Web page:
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Self-Assessment Questions

Pulmonary Disease

Management of Chronic Obstructive Pulmonary Disease: Review Questions

Yuji Oba, MD, FCCP

Dr.Oba is an assistant professor on medicine, University of Missouri-Kansas City, Kansas City, MO.




Choose the single best answer for each question.

Questions 1 and 2 refer to the following case study.

A 65-year-old man presents to his physician’s office with a 6-month history of wheezing, dyspnea on exertion, and daily sputum production. He is a 50 pack-year smoker but is otherwise healthy. Examination shows markedly decreased breath sounds with mild wheezing at the end of expiration. When spirometry is performed, his forced expiratory volume in 1 second (FEV1) is 1.5 L (60% of predicted). His forced vital capacity (FVC) is 2.3 L. The FEV1/FVC ratio is 0.65.

1. Which of the following interventions will be most effective for improving this patient’s long-term survival?
  1. Inhaled corticosteroids
  2. Long-term oral corticosteroids
  3. Inhaled ipratropium
  4. Smoking cessation
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2. Which of the following is the best management option for this patient?

  1. Inhaled ipratropium as needed
  2. Inhaled albuterol as needed
  3. A short-acting bronchodilator as needed and regular treatment with a long-acting bronchodilator
  4. An inhaled corticosteroid
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3. Which of the following statements regarding corticosteroid therapy in patients with an exacerbation of chronic obstructive pulmonary disease (COPD) is true?
  1. Systemic corticosteroids should be given for more than 2 weeks to prevent treatment failure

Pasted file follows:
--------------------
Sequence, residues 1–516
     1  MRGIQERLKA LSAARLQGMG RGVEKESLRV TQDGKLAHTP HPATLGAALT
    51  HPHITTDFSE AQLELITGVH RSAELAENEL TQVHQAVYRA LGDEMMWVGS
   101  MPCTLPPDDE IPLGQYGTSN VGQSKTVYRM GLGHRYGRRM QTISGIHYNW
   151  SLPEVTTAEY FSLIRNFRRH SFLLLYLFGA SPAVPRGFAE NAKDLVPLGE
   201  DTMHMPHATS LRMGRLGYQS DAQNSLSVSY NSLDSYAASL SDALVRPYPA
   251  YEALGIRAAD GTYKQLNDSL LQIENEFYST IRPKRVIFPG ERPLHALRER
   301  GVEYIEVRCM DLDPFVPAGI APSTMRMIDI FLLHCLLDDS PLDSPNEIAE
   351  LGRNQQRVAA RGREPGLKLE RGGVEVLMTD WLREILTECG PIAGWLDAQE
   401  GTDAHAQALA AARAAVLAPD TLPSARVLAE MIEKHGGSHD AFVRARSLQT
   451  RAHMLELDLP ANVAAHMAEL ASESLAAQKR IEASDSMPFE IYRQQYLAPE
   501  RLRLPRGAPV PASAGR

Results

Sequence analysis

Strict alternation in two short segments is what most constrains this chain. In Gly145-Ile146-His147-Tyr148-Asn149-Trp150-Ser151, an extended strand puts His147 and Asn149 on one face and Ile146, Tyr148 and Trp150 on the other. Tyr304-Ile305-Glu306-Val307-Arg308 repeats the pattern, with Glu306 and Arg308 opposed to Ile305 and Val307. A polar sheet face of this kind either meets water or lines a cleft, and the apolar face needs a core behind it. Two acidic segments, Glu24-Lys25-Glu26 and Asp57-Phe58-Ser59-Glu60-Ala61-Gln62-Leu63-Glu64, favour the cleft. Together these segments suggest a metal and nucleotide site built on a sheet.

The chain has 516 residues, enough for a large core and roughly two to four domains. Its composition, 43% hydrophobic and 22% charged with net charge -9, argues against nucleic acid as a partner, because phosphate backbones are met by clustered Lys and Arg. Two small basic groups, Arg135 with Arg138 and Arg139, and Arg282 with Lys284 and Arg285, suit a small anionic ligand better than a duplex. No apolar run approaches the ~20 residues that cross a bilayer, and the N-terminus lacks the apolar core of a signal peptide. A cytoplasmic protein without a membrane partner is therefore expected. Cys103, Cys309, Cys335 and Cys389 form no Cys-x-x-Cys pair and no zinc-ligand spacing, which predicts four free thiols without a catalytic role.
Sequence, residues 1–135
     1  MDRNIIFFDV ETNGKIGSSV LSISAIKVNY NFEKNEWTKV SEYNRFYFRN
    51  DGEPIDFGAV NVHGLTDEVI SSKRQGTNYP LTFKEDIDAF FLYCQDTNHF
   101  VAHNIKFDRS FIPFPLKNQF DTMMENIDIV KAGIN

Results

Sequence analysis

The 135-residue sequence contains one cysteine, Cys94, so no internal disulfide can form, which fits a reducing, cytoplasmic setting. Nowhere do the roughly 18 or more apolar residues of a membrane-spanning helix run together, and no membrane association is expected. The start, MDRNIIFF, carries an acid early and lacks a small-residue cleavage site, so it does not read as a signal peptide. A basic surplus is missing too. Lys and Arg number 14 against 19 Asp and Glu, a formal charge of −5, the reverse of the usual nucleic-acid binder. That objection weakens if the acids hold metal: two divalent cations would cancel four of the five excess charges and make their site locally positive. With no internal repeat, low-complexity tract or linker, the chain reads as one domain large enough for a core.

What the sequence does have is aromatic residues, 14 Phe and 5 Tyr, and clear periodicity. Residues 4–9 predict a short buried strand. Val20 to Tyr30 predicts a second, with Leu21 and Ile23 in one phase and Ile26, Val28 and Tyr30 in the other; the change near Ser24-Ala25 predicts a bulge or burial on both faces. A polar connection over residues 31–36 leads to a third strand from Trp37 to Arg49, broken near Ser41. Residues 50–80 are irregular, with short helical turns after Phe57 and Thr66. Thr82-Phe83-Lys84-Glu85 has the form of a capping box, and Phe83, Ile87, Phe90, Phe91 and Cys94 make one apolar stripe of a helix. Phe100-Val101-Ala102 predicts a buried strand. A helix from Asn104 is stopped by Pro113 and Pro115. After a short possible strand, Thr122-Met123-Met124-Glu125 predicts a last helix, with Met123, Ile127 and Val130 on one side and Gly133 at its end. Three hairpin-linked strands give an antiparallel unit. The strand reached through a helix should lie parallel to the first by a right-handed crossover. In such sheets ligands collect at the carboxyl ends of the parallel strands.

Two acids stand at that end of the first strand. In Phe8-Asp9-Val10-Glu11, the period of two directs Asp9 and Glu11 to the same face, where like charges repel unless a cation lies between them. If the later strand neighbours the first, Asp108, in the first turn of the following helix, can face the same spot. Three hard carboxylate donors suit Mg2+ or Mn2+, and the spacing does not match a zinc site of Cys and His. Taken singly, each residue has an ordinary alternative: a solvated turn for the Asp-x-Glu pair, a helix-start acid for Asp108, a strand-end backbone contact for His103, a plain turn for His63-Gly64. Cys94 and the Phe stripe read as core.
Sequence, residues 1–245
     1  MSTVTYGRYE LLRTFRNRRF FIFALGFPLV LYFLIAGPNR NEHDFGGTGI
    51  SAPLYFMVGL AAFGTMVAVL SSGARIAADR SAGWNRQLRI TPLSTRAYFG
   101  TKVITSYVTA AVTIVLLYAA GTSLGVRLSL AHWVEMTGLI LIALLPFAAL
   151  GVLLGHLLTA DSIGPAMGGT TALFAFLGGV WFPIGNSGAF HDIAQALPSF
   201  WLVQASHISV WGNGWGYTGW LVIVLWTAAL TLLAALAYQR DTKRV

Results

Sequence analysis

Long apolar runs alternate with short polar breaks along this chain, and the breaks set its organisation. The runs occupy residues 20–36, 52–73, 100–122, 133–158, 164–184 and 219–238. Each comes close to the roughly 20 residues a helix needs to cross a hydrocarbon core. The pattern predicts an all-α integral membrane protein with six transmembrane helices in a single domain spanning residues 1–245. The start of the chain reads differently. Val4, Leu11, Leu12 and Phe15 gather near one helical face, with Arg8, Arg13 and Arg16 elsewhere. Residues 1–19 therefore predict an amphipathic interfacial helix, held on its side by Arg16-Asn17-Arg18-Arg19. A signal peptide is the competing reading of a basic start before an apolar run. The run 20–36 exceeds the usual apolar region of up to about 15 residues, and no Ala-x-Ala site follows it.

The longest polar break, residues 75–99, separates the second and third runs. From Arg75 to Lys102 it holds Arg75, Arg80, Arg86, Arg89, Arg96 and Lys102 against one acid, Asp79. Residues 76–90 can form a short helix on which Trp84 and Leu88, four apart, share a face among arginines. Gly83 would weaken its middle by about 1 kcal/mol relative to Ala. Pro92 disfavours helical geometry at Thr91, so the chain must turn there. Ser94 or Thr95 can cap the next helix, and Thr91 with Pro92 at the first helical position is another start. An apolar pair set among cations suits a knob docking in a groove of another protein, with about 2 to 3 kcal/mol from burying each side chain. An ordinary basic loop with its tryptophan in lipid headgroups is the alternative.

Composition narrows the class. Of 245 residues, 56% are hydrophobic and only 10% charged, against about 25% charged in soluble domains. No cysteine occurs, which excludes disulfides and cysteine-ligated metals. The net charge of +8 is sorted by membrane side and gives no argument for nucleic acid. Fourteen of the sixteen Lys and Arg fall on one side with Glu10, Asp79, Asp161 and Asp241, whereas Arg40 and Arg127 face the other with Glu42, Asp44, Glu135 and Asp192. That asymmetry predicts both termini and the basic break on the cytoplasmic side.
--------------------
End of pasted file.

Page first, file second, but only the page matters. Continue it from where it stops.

2. Systemic corticosteroids improve survival
  3. Intravenous therapy is better than oral therapy
  4. Systemic corticosteroids reduce hospital stays by 1 to 2 days
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4. A 57-year-old woman is discharged from the hospital after an exacerbation of COPD. She has finished a course of antibiotics, and her current regimen includes salmeterol 2 puffs twice per day, albuterol 2 puffs every 6 hours as needed, and a tapering dose of prednisone. She has had COPD exacerbations 2 to 3 times per year for the last 2 years. She quit smoking 3 years ago, received a dose of pneumococcal vaccine 3 years ago, and had a flu shot this year. Her most recent spirometry showed FEV1 of 1.1 L (45% of predicted) with no significant bronchodilator response. Her oxygen saturation on room air is 90%, and she has no signs of cor pulmonale. Which of the following is the best management option for this patient?

  1. Arrange home oxygen therapy
  2. Perform a PPD skin test
  3. Maintain the patient on chronic oral prednisone
  4. Add an inhaled corticosteroid
  5. Start therapy with oral theophylline
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